UK's air traffic control service on Monday said that because of a “technical issue” it had been forced to slow takeoffs and landings across the UK. However, the National Air Traffic Service (NATS) also said that Britain's airspace was not closed, despite the disruptions.
We are continuing to work hard to resolve the technical issue, NATS wrote in an update to its initial statement on Monday. To clarify, UK airspace is not closed, we have had to apply traffic flow restrictions which ensures we can maintain safety.
NATS issued two more updates on Monday afternoon, first describing the nature of the problem and subsequently saying that it had been remedied.
The flight planning issue affected the system's ability to automatically process flight plans, meaning that flight plans had to be processed manually which cannot be done at the same volume, hence the requirement for traffic flow restrictions, NATS wrote. Our priority is always to ensure that every flight in the UK remains safe and we are sincerely sorry for the disruption this is causing.
With the issue identified and remedied, NATS said, We are now working closely with airlines and airport to manage the flights affected as efficiently as possible. Our engineers will be carefully monitoring the system's performance as we return to normal operations.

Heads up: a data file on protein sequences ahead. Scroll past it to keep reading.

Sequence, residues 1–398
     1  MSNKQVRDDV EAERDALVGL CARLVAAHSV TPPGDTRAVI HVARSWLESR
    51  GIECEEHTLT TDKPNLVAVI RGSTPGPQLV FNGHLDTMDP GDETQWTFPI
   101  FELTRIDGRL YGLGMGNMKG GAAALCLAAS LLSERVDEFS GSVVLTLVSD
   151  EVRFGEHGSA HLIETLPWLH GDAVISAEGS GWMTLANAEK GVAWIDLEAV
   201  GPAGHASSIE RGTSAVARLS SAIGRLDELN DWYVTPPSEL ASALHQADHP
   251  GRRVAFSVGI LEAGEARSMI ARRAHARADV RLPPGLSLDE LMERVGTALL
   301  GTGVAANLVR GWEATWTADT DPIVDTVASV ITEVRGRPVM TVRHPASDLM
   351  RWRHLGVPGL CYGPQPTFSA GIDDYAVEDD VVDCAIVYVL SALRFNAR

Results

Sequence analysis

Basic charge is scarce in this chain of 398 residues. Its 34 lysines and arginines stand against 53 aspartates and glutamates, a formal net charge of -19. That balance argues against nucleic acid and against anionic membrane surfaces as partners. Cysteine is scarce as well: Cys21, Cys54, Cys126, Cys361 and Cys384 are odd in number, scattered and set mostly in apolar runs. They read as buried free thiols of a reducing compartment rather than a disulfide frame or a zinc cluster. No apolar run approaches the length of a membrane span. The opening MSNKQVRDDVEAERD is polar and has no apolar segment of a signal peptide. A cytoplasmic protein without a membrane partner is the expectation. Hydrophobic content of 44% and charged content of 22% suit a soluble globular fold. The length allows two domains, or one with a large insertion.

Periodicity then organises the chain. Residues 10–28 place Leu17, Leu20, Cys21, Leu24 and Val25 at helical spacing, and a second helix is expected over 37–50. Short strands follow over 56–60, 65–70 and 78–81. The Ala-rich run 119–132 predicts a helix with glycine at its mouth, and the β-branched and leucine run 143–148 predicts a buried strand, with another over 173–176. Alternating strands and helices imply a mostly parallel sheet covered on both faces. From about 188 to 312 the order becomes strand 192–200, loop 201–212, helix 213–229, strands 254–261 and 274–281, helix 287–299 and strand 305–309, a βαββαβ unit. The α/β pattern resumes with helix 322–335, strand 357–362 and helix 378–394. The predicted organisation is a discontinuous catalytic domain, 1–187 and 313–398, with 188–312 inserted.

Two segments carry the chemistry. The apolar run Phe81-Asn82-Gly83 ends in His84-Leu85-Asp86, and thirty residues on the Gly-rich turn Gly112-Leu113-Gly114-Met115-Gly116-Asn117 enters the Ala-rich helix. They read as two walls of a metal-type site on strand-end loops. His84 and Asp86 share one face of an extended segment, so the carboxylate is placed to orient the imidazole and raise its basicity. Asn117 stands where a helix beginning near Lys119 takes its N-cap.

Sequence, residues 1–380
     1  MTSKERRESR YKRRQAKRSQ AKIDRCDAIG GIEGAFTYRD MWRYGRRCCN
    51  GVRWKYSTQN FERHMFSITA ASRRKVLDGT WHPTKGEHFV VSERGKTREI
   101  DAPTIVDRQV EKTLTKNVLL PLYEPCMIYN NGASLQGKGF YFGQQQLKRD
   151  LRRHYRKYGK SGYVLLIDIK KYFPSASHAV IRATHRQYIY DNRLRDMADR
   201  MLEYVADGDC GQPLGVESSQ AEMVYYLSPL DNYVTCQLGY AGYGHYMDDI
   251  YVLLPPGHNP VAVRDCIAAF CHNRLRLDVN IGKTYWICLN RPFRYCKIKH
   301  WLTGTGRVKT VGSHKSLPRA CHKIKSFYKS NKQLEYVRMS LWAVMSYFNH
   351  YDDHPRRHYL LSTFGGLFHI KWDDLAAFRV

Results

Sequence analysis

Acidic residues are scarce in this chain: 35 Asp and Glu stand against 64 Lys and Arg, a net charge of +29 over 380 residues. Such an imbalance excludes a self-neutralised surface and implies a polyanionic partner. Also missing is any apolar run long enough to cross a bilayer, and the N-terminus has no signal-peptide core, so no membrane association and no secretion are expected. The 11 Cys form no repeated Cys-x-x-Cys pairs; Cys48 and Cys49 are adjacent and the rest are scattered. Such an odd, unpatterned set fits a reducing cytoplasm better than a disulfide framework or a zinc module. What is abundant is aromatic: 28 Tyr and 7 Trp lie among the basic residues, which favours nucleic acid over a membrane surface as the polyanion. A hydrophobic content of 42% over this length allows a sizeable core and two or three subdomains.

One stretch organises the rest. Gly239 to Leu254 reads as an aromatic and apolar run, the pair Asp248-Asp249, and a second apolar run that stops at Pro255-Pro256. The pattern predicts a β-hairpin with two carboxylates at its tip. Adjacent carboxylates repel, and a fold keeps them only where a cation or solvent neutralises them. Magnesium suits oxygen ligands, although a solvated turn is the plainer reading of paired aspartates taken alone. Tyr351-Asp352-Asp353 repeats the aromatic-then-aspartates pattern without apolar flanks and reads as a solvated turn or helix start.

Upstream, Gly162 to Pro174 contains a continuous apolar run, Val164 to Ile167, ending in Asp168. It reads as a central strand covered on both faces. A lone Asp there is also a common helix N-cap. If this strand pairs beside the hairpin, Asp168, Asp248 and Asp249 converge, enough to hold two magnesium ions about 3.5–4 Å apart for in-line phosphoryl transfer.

NATS advised passengers to check with your airline on the status of your flight. Delays started to become apparent immediately, airports in the UK and beyond warned passengers to reckon with potential cancellations.
The disruption came on a busy travel day, with Monday a public holiday in much of the UK that also falls near the end of school summer holidays. Passengers in several European countries looking to fly back to Britain posted news of delays on social media.
AirNav Ireland, the Republic of Ireland's air traffic control service, said the issue was resulting in significant delays for flights across Europe that are traveling to, from or through UK airspace.
The European equivalent Eurocontrol warned of very high delays because of a flight data processing failure in the UK.
A spokesperson for Heathrow, London and western Europe's busiest airport, said Heathrow was working with NATS and other airport partners to try to minimize the impact on passengers. London's other major hub Gatwick warned that cancellations were likely.
Scottish airline Loganair had earlier said in a post on the social media Twitter that there had been a network-wide failure of UK air traffic control computer systems.
Although Frankfurt Airport, Germany's busiest, did not immediately comment on the situation on Monday afternoon, its live arrivals board showed two of the next three planes scheduled to fly in from Heathrow as cancelled at the time of publication.
Similarly, Cologne/Bonn Airport's arrivals website showed a series of canceled or delayed planes from the UK, including flights from Edinburgh, Heathrow, London Stansted, and even one from Dublin in Ireland. (BBC).-